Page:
Tuesday, September 27, 2011

Help! for Writers: 110 Solutions to the Problems Every Writer Faces by Roy Peter Clark

Help! For Writers: 210 Solutions to the Problems Every Writer Faces
by Roy Peter Clark
We're lucky to have Roy Peter Clark visit with us today. He's shared his thoughts on knowing when you're ready to share your work and to ask for input.

The best time to share your work with others

If a tree falls in the forest and there’s no one near to hear it, does it make a sound?  What is the sound of one hand clapping?  Is a story a story if no one reads it?

Without getting all Zen on you, I’m tempted to share my thoughts on the metaphysics of the writing and reading experience.  I adhere to the Triangle Theory of storytelling.  That it is the writer who creates the text but the reader who turns it into a story.  Writer + Text + Reader = Story.  While the writer influences a reader’s response, the writer can not determine it.  Each reader will bring his or her own experience to the reading of a text, which accounts for the divergent responses writers receive for those they seek to serve.

I remember a wonderful cartoon of a cowboy and a horse in the desert.  Cowboy says:  “Well I guess you been a pretty good horse, a little slow maybe…” To which the horse responds:  “Not FEEDBACK, I want a FEEDBAG.”

Writers need feedback (and feedbags).  But it does matter who provides it and when.  You, the writer, must exercise control.  Over time, you should surround yourself with  people who will offer you their impressions.  One teacher or one editor is not enough.  You need a team. You need at least one voice that is reliably encouraging, and another that is tough but fair.  Here’s a key:  the earlier you are in the process, the more encouragement you need.  Near the end, you will need copy editors and proof readers.  But if the voices you hear early on are too negative, or too specific, they will only fuel your internal critic, that Watcher at the Gate who censors your most creative impulses.

More tips:  1) Tell your helper the kind of criticism you are looking for:  “I’d like you to tell me if this is clear to a lay person.”  2) Discipline yourself to think of harsh criticism – even insensitive criticism – as potentially helpful.  3)  Don’t argue against unreasonable criticism; just describe to the critic what you were trying to accomplish.  4) Think of any responder as a test reader, someone who can help you anticipate the full consequences of your efforts.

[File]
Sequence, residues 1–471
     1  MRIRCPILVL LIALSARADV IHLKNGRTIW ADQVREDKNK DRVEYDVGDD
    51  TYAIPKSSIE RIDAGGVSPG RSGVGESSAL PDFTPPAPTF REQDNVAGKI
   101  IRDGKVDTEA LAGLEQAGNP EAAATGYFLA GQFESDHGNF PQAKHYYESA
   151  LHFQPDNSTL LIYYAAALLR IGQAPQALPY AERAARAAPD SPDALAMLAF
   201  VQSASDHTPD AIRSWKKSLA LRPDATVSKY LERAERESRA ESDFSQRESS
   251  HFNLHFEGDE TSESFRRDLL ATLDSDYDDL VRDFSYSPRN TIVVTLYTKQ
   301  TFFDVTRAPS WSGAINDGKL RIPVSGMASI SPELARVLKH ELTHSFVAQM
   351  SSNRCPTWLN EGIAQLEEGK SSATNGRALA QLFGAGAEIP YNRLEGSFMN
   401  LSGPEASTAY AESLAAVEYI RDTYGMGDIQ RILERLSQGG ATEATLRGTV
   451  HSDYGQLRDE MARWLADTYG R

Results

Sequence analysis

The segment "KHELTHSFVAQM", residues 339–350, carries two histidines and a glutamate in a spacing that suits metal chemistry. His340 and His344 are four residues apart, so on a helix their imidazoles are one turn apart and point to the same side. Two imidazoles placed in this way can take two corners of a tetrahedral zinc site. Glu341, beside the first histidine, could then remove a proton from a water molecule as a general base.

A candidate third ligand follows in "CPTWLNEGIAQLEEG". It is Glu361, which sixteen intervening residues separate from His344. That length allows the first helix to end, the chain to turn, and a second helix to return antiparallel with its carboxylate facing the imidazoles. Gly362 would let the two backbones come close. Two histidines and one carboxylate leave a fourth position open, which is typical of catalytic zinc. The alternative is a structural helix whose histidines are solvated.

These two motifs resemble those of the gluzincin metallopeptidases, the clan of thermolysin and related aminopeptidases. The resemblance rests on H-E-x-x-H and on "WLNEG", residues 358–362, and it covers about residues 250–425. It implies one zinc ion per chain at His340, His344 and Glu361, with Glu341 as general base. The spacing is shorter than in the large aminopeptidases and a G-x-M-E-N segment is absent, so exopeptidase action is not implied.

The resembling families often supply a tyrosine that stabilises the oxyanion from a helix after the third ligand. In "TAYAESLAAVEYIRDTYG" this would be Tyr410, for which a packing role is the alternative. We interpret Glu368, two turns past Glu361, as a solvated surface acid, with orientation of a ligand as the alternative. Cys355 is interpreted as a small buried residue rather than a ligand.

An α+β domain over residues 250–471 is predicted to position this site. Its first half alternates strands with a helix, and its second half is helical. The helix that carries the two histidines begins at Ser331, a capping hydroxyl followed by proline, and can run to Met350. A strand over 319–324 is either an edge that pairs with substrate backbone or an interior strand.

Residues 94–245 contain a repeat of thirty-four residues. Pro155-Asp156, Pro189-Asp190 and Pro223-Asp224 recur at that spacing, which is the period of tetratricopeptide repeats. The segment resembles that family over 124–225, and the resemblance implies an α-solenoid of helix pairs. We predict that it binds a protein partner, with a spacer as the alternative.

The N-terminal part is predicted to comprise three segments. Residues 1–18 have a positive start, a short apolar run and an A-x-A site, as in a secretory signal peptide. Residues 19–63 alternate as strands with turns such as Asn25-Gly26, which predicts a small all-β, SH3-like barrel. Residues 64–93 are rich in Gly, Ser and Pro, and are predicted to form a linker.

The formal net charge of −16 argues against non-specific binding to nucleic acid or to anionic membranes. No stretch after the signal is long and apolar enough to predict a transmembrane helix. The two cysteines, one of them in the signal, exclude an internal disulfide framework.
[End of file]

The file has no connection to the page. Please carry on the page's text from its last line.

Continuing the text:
Help! For Writers: 210 Solutions to the Problems Every Writer Faces
The blurb:
The craft of writing offers countless potential problems: The story is too long; the story is too short; revising presents a huge hurdle' writer's block is rearing its ugly head.

In Help! For Writers Roy Peter Clark presents an "owner's manual" for writers, outlining seven steps of the writing process and addressing twenty-one of the most urgent problems writers face.  In his trademark engaging and entertaining style, Clark offers ten short solutions to each problem.

Out of ideas? Read posters, billboards, and graffitti.  Can't bear to edit yourself? Watch the deleted scenes of a DVD and ask yourself why those scenes were left on the cutting room floor.  Help! For Writers offers 210 strategies to guide writers to success.

I gravitate towards books on writing and grammar in the hope that I'll become a better writer and reduce the tension and procrastination that often characterize a major deadline.  Unfortunately, while I tend to be optimistic about improving my writing, much as I tend to look for the latest fitness books in the hope that this will encourage me to "be more disciplined and healthier",  my follow through often falls short.

If you write and have reached the point where you feel ready to show your work to friends and critics, I know that you will benefit from the advice that Roy Clark offers above.

If you are still "working on" your writing, Help! For Writers provides practical advice and a technical approach to writing and thinking about writing.  When writing and editing, we try to pare our language down to the essentials, much the way that artists, creatives, and even lawyers reduce their ideas to the essential elements.  Clark suggests specific ways to do this, to reduce the unnecessary parts. 

I'm a timid writer.  I tend towards putting things away, disappointed by the first draft.  But chapter 11 "My early drafts are littered with cliches"  helped me put things in perspective.  The advice encourages us to realize that even mistakes and weaknesses can be used to bring us closer to our writing goals.  Clark encourages clear thinking and careful use of language directly and through his tips and exercises. 

While some books target a specific goal, such as writing a screenplay or a novel in several steps or using certain structures, Help! For Writers points out that "the writer does not have to get all Gothic to build cathedrals of words.  On many occasions, the holy trinity of beginning, middle, and end will get the job done."   Clark has gentle suggestions to help look at our problems and roadblocks and learn from them.  Clark gives us examples from other writers which made the concepts concrete.   Help! For Writers encourages us to write and gives specific and practical advice geared towards getting us to keep writing and to become better writers. 

ISBN-10: 0316126713 - Hardcover $22.99
Publisher: Little, Brown and Company (September 21, 2011), 304 pages.
Review copy provided by the publisher.

About the Author:
Roy Peter Clark is vice president and senior scholar at the Poynter Institute and has authored or edited 16 books bout writing and journalism.  He lives in St. Petersburg, Florida.

The Call by Yannick Murphy

The Call: A Novel

The Call by Yannick Murphy

The blurb: